Claire Lacombe, a Republican Militant

Claire Lacombe lived here! If her name doesn’t ring a bell, it’s because most revolutionary women have been forgotten. And yet, in 1793, many Parisians knew her name. Originally from Marseille by way of Lyon, this actress attended meetings at the radical Cordeliers club. Along with other women, she demanded the right to take up arms in order to defend the Republic. She was even awarded for her bravery during the storming of the Tuileries on August 10, 1792. Close with the Enraged group, she campaigned so that the Republic would become more democratic and social. With Pauline Léon, she founded the Society of Revolutionary Republican Women in May 1793, a women’s only political club. Her radicalness upset a great number of people: arrested in 1794, she was freed a year later and retired from militant life.

The Club of Patriotic Women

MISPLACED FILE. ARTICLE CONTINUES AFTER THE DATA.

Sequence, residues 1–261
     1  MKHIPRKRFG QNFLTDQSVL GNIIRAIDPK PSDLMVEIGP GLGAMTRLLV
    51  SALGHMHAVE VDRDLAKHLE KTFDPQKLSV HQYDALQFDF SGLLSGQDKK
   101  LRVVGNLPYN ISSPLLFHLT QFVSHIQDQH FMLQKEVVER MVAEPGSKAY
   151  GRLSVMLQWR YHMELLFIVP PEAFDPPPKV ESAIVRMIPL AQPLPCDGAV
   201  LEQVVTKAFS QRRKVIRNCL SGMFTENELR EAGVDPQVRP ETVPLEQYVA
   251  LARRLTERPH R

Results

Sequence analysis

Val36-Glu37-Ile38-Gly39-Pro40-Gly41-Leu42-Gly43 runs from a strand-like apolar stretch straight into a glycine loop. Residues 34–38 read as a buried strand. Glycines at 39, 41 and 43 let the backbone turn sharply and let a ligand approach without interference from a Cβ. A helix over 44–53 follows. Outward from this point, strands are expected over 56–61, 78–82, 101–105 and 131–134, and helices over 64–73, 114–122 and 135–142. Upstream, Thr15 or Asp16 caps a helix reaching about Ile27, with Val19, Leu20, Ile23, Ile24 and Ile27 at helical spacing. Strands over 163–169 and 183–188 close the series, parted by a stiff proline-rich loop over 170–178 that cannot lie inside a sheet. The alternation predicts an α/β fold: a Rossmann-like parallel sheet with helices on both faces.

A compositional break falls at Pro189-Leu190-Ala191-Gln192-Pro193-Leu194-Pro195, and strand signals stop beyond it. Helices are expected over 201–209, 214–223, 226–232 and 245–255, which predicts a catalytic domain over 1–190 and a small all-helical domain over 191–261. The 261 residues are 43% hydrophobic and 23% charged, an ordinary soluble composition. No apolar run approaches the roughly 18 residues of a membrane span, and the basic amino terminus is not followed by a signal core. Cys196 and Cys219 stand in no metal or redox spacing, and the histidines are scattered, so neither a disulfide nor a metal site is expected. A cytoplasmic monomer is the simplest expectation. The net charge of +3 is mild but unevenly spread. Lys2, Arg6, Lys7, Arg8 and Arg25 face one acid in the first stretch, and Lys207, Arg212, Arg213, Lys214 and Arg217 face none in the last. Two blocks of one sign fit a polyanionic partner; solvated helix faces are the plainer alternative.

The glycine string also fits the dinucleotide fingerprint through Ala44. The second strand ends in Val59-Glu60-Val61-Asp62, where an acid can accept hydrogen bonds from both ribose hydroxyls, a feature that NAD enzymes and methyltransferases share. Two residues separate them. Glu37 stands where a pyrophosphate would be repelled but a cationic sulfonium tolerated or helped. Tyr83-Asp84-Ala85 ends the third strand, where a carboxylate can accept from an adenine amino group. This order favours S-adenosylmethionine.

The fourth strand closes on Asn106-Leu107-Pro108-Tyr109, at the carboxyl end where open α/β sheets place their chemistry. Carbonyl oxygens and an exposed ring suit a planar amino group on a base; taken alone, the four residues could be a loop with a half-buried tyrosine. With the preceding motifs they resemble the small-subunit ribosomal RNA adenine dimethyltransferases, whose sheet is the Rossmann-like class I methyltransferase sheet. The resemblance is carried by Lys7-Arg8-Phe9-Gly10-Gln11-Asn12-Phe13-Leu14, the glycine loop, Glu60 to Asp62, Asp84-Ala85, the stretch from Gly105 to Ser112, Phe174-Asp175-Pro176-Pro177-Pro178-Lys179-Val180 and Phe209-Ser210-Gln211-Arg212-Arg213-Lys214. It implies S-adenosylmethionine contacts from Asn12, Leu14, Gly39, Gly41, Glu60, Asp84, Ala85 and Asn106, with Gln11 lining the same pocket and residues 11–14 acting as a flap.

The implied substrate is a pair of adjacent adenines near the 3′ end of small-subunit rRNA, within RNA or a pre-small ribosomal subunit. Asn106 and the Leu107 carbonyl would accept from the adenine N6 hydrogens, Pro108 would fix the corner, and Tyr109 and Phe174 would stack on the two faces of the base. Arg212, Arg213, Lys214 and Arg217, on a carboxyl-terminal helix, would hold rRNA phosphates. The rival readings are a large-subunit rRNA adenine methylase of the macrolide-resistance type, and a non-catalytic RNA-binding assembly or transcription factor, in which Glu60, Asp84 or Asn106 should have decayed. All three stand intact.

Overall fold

The Club of Patriotic Women

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A speech by Claire Lacombe

On July 25, 1792, Claire Lacombe gave a speech at the National Assembly. She demanded the right to take up arms in order to defend the Republic, while at the same time expounding on a rather traditional vision of the maternal and educational role of women. “Unable to come to the aid of my country, which you have declared in danger, financially, I come to pay tribute to it with my body. Born with the courage of a Roman and the hatred of tyrants, I would be happy to contribute to their destruction (…) And other mothers, whom I would blame for leaving their children in order to follow my example, while I do my duty and fight the enemies of my country, fulfill your own, by instilling in your children the sentiments that every French person says they have at birth, the love of freedom and a hatred of despots.”

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